Monetary contraction In the monetary sector, the expansion of money supply jumped twice at the end of 1998.3 This expansion was partly attributable to the revaluation of foreign exchange savings in rupiah terms. Bank Indonesia (BI) intervened through the SBI and SBPU4 to help prevent the rupiah from depreciating further against the US dollar, and to curb inflation. Before the crisis, the normal SBI rates were around 14 percent; by end 1998 it had reached 70 percent. As a result, the amount of inter-bank call money transactions surged steeply by 400 percent, from Rp 0.5 trillion in 1996 to Rp2 trillion in 1998. The sale of SBI also rose by four times in value, while SBPU rose by around 80 percent, for the same period. The large amount of money flowing into BI, however, seems ineffective in reducing the depreciation of the rupiah and inflation, due to the presence of other factors, i.e. May 1998 riots and the banking sector’s loss of credibility. Another reason was the fact that the amount of funds used by BI, in the form of liquidity credits to ailing banks amounting to around Rp150 trillion, was much larger than the money flowing into BI (around Rp 10 trillion). Instead of stabilising the rupiah, the high interest rate policy had a negative impact on the real sector. The high interest rates on SBI forced banks to raise their own. As a result, no funds flowed out from commercial banks to the business sector. Even if the SBI rates have now been reduced to the precrisis rate of 24 percent, the banks are still not channelling new credit to the ailing corporations. Instead, they are now trapped in the problem of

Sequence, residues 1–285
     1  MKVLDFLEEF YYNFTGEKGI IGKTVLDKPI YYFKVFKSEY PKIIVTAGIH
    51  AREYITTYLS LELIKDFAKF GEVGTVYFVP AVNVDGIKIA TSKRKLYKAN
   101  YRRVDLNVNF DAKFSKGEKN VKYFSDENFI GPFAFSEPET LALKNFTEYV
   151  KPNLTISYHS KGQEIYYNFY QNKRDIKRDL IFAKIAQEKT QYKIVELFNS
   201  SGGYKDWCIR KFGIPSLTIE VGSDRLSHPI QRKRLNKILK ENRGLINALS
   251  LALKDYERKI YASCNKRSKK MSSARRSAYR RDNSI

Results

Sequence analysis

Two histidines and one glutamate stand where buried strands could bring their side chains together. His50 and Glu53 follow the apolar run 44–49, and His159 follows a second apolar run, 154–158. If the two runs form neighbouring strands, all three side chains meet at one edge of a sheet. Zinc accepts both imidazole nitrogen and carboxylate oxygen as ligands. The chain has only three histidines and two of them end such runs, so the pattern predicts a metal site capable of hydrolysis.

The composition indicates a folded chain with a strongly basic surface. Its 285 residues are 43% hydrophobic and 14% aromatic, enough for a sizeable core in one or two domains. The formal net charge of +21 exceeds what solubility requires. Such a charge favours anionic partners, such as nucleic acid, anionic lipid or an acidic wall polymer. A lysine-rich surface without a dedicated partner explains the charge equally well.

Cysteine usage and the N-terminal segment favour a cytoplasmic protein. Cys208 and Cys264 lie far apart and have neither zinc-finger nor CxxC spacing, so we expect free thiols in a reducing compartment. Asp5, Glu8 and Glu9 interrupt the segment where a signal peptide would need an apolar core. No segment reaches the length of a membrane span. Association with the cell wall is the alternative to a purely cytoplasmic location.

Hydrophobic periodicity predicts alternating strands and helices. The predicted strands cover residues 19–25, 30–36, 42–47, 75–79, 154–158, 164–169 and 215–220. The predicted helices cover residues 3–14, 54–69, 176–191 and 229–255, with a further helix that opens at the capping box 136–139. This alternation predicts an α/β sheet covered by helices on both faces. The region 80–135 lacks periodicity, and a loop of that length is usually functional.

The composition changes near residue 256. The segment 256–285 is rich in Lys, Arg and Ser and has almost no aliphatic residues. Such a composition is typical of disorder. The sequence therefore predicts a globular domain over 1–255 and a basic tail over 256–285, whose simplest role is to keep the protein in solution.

accumulated negative spreads, which will be discussed under “Key Issues” in the next chapter.